All “essays” are short responses
We began the course with an examination of John Winthrop’s Massachusetts Bay Colony and ended with Mother Ann Lee’s United Society of Believers in Christ Second Appearing (The Shakers). Using Peter Williams’ definition of “public religion” as “the religious expression and organization of a group of people who have constituted themselves, formally or informally, as a religious community,” write an essay exploring how the historical contexts, beliefs, practices, and sense of mission of each “founder” shaped their similar yet different conceptions of the forms a “covenanted community” should take.
Throughout the semester we have discovered the great importance Americans, during different historical periods, have placed on the practice of religion and freedom. Write an essay discussing how one of the following historical figures or groups has shaped our understanding of the relationship between the practice of religion and the practice of freedom: George Whitefield, Thomas Jefferson, Phillis Wheatley, the Touro Synagogue in Newport, Rhode Island, the Shakers, the Beechers, or Evangelical Protestants.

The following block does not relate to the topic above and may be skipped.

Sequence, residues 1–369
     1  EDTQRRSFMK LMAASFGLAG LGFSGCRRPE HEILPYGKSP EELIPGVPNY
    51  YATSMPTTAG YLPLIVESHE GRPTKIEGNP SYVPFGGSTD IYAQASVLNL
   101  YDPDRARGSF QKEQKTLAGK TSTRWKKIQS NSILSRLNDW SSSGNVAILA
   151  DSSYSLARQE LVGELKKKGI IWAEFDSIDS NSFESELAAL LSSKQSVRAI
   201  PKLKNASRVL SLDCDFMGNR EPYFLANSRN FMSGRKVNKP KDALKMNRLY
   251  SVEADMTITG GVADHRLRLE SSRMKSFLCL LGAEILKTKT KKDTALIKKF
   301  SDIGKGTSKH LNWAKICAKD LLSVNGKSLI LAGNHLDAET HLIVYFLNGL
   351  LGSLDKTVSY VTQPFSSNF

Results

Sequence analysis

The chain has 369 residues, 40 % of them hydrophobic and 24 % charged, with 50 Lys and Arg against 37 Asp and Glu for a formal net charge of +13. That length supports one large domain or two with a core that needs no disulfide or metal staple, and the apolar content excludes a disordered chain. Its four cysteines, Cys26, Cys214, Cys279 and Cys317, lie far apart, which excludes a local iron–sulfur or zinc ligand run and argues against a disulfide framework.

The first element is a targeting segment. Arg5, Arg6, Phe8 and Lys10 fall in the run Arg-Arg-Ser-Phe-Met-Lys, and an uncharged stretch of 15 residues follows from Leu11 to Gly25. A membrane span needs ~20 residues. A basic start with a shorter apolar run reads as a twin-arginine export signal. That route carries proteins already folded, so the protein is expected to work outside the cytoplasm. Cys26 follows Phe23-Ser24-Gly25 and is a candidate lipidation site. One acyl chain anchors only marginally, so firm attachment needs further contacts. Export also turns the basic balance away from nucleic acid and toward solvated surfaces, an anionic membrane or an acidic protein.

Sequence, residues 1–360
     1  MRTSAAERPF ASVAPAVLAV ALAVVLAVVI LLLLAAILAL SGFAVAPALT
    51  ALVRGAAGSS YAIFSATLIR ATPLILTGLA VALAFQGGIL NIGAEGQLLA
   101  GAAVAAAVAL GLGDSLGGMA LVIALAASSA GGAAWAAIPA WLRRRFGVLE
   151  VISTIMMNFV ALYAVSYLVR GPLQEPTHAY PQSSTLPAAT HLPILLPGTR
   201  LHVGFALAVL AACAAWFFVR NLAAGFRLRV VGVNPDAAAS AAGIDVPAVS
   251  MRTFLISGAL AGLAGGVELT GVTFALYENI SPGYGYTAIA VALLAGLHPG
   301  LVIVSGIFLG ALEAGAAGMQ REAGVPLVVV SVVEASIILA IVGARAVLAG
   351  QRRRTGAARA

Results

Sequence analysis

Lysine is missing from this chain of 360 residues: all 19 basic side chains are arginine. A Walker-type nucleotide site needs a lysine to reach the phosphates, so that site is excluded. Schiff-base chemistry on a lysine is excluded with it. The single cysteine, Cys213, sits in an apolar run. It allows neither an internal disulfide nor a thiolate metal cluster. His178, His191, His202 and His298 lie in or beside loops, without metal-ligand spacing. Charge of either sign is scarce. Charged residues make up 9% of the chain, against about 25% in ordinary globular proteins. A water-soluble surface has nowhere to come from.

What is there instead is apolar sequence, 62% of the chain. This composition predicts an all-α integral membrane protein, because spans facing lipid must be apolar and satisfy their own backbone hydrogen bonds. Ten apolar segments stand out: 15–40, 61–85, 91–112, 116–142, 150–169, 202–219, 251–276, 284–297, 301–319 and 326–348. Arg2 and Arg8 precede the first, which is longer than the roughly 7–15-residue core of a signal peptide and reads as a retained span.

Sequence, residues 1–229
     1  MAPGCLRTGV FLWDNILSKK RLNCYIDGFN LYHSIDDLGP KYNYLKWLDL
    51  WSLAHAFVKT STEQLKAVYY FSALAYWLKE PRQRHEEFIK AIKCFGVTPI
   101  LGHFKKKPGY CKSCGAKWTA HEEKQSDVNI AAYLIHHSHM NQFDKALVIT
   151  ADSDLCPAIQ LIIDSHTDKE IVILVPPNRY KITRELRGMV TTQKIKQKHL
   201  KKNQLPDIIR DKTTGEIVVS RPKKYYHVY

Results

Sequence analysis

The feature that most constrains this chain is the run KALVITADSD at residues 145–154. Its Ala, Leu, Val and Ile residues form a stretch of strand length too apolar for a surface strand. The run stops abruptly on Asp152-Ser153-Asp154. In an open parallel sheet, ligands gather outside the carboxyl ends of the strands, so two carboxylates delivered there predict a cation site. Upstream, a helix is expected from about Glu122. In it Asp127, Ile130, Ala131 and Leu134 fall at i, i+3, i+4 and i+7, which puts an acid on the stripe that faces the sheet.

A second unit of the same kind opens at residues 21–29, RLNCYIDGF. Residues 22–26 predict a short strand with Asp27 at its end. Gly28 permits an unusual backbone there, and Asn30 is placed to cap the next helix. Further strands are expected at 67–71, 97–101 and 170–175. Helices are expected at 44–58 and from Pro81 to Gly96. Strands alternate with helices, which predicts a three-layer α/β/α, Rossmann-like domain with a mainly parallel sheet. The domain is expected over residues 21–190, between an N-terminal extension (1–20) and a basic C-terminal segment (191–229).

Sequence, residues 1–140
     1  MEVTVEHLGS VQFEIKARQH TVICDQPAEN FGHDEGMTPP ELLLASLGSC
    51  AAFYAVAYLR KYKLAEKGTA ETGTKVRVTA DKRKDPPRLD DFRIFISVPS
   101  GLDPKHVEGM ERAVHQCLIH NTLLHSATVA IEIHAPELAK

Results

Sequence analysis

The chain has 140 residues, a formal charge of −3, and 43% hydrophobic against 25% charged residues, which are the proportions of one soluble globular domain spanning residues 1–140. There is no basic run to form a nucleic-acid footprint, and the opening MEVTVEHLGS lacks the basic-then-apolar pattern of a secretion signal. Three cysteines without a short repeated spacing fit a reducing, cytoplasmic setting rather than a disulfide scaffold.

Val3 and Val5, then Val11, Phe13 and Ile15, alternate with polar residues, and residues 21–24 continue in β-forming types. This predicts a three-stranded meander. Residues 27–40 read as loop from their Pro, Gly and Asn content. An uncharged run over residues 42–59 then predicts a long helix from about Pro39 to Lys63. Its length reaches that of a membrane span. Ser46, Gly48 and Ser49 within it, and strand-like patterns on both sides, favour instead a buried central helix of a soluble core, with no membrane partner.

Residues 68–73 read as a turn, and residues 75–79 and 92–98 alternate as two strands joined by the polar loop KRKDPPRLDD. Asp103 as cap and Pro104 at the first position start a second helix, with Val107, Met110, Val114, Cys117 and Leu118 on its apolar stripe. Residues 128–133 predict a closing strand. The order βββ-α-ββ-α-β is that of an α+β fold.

What is meant by the term “civil religion”? What are the features of civil religion? What influence did this idea and practice have on how Americans viewed the new nation? Explain and illustrate your answer with reference to one of the historical documents discussed in class.
Discuss one way in which each of the following women either revealed, challenged, or transformed the practice of “public religion” in American religious history: Anne Hutchinson, Mother Ann Lee, and Phillis Wheatley. Your essay should provide specific examples of their contributions.
Sacvan Bercovitch writes that “Jeremiads, or political sermons, function as rituals of consensus, replete with a special set of symbols, a communal myth, and a sophisticated form of socialization. They also serve as occasions for dissent from, or disagreement with, the status quo and the formation of new identities.” Write an essay discussing whether the Declaration of Independence would qualify as a “jeremiad.”
During the early part of the semester, we examined the writings of Joseph Jouvency, a Jesuit priest who wrote about the burial practices and rituals of Canadian Indians. The documentary film, Slavery’s Buried Past, offers similar ways of examining the burial practices and rituals of enslaved Africans. Write an essay identifying and discussing three things we can learn about the beliefs and practices of enslaved people from an examination of the material culture they have left behind.
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